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Monday December 6th

After a year in the dark, Hindu YUVA brings the light back for Diwali Night

The Bhangra Elite perform at the UNC Diwali Night on Oct. 29. The Bhangra Elite strive to promote and educate the UNC dance community on Punjabi culture through high-energy and traditional dance.
Buy Photos The Bhangra Elite perform at the UNC Diwali Night on Oct. 29. The Bhangra Elite strive to promote and educate the UNC dance community on Punjabi culture through high-energy and traditional dance.

Last year, the pandemic reduced Diwali to muted at-home prayers and flickering doorstep diyas.

Colloquially known as the Hindu festival of lights, Diwali marks the celebration of hero Rama’s rescue of Princess Sita, and has historically been a cacophony of music, food and community building.

After the event was canceled due to COVID-19 last year, Hindu YUVA — a socio-cultural organization that hosts Diwali every year at UNC — knew it was important to host the event and give students a chance to reconnect.

“In terms of this year, I think Diwali is even more important because a core tenant of Diwali is family and being connected," Nitisha Jagarlamudi, YUVA’s Diwali Night coordinator, said. "And I think the past year we’ve all been isolated and I know it’s been really tough times on campus."

With a budget nearly quadruple the amount used for previous Diwali Nights — about $18,000 —  YUVA transformed the hallways of the Student Union into fantastical displays of glittering embroidered umbrellas, vivid arrays of flower garlands and golden silk sheets.

But YUVA President Navya Dixit said there was another reason the expenses were higher. University of Pennsylvania-based Penn Masala, the world's first South Asian a cappella group, performed at this year's Diwali Night.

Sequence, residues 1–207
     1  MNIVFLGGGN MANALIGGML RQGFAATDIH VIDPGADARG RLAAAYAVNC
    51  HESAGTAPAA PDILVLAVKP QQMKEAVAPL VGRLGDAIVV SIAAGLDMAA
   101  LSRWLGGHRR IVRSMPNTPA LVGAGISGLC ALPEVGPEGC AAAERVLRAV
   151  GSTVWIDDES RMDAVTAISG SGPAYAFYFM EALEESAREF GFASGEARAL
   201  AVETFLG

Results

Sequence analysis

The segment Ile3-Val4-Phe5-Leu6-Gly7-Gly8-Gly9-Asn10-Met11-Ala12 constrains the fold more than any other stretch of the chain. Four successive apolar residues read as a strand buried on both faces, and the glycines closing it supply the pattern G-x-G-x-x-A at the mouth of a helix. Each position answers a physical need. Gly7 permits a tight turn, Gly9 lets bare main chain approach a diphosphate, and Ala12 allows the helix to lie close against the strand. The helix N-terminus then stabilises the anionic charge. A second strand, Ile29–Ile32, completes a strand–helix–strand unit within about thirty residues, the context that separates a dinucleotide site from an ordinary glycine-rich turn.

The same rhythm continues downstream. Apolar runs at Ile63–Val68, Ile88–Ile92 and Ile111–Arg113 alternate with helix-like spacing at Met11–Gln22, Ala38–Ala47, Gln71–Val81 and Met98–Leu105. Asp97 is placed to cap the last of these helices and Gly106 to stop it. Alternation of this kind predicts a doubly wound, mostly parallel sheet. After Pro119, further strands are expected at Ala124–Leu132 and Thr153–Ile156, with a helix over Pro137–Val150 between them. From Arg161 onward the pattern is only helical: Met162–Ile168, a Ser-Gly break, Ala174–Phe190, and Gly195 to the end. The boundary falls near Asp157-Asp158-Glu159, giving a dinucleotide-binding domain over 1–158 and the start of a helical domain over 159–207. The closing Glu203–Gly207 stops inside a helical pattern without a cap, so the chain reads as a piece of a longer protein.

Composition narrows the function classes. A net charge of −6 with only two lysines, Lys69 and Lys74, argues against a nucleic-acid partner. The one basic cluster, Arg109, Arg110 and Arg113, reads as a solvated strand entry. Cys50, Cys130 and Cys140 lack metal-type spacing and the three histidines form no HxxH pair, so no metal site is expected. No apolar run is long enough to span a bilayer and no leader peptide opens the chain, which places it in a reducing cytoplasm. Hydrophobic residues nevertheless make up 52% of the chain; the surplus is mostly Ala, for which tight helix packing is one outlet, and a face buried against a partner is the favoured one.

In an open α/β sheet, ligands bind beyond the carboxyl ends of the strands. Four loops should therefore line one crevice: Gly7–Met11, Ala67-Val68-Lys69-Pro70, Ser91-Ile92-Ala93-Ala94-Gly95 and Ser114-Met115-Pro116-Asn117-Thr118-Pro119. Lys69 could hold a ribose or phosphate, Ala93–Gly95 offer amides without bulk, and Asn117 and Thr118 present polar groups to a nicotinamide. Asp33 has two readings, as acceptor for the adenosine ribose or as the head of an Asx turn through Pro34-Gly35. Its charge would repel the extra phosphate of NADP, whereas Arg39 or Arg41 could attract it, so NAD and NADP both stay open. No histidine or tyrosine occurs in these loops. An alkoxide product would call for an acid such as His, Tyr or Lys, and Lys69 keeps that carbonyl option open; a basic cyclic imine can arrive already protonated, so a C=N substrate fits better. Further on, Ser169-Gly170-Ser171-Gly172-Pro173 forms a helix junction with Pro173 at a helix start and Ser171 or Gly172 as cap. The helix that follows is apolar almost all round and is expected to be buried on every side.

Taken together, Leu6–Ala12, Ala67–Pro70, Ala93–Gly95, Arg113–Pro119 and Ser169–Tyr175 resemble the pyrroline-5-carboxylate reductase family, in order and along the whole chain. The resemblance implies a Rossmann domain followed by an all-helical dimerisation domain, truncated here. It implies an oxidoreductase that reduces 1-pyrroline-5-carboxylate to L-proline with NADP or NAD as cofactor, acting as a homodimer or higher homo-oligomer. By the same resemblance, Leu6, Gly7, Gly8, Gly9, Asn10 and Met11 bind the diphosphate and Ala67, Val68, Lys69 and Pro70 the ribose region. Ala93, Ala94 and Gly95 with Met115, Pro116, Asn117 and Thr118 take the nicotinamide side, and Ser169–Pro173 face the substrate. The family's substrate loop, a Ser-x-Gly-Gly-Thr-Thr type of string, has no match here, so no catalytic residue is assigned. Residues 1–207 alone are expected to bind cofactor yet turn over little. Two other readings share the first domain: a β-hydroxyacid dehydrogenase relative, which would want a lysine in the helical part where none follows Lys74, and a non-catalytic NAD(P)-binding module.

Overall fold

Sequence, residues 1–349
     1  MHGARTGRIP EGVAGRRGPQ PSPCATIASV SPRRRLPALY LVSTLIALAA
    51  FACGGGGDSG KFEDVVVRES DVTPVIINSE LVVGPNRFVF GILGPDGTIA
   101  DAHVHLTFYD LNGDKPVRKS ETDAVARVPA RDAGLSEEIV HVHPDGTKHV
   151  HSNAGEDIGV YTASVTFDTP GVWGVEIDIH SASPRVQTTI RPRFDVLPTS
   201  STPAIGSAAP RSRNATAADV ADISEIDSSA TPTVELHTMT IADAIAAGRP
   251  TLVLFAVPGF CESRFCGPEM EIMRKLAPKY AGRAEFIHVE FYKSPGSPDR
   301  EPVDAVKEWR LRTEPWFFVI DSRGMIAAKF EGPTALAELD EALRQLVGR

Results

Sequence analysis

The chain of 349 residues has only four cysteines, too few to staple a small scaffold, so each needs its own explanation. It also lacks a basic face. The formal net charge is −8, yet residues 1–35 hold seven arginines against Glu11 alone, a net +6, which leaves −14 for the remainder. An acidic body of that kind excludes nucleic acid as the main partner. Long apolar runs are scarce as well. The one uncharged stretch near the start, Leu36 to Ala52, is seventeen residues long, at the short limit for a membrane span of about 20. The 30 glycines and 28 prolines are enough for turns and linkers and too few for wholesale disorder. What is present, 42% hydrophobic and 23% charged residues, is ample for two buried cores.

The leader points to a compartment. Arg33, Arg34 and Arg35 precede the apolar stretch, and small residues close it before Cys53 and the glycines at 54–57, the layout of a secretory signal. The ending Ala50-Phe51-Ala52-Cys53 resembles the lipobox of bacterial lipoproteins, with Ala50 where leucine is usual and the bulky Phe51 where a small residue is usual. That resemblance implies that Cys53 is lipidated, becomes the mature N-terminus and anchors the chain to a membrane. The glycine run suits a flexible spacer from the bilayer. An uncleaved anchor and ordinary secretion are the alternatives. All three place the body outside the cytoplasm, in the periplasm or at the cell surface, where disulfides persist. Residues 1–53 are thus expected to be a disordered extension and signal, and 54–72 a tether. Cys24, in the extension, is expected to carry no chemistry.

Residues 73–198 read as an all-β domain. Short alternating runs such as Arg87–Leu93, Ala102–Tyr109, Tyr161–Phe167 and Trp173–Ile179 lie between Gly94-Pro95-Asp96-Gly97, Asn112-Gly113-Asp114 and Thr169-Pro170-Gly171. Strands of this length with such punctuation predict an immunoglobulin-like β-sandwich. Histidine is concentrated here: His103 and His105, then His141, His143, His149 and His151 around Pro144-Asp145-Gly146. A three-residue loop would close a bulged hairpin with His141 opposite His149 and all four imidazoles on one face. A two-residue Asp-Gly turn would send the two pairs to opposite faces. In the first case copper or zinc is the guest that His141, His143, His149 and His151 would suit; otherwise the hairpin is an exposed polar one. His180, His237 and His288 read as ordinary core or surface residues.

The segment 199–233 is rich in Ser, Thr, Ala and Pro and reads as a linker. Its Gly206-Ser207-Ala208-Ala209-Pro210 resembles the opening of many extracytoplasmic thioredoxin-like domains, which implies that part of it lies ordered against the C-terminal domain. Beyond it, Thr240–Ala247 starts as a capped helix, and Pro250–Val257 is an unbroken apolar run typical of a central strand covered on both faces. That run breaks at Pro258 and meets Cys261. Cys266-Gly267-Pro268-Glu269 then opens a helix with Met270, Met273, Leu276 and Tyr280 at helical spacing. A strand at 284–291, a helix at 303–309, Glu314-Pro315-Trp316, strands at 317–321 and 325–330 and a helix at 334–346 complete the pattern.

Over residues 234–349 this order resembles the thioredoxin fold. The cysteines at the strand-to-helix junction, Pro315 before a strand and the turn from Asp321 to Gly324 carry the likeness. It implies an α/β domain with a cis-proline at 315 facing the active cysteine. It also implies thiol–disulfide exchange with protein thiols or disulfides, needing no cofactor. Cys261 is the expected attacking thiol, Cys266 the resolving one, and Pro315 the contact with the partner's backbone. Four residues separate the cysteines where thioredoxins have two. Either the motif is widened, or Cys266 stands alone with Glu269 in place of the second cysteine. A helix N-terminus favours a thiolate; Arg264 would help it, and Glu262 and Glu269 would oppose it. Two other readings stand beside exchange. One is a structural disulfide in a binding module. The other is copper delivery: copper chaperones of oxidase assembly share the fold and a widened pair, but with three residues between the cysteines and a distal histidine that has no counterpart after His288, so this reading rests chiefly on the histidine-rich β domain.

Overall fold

With Penn Masala performing, Dixit said, YUVA expected to have double the number of guests this year than in previous years.

"They've performed at the White House. They've done concerts across the country," Dixit said. "And we thought this was a great way to bring together the South Asian community on campus, get a bigger group together because they are very popular and famous."

For the hundreds of attendees who wore traditional saris and kurtas at Diwali Night, it was almost as if celebrities had graced the air of the Great Hall.

"It was literally one of the best nights," first-year Diya Amin said. "I have been following Penn Masala for a couple years so I was really excited to see them."

The night began on a high note as the crowd chanted along to the lyrics of classic and contemporary Bollywood songs alike. Penn Masala's segments throughout Diwali Night were split by other performances including Bhangra Elite, Ek Taal, Tar Heel Raas and Chalkaa, four South Asian dance groups at UNC.

“It allowed me to embrace my culture and show the excitement and energy Indian culture has and create a deeper connection with my culture,” said first-year Viti Pathak, a Bhangra Elite dancer.

The night came to a close with a smattering of boos from the audience — a response to a vetoing of a Penn Masala encore because the Union had to be shut down for the night. Traditional Indian sweets and savory snacks, like gulab jamun and aloo samosas, were served afterward, followed by a dance party with Bollywood hit songs.

“Sometimes when you’re growing up, you feel like you’re on your own in terms of your two identities conflicting," Pathak said. "Diwali Night showed me that there was an open space to explore both cultures and engage with others who have faced the same dilemmas as you."

Though UNC is often regarded as a notable Southern, predominantly white institution, Jagarlamudi said Diwali Night offers the opportunity to experience South Asian culture in its fullest capacity.

“I think growing up in a small town, I was always the only Indian,” Jagarlamudi said. “It’s just a really great way to celebrate your culture and, you know, celebrate with people who come from similar backgrounds as you, and really just experience a culture we don’t really get to see in the mainstream here in the U.S.” 

Just as Penn Masala aimed to bridge their Indian roots and American nationality together with mashups of old hits like “Viva La Vida” and Bollywood anthems like “Jashn-E-Bahaara,” Indian-American students could do the same - even if just for one night - in the reverberating, glowing halls of the Union, where Diwali made its long-awaited return.

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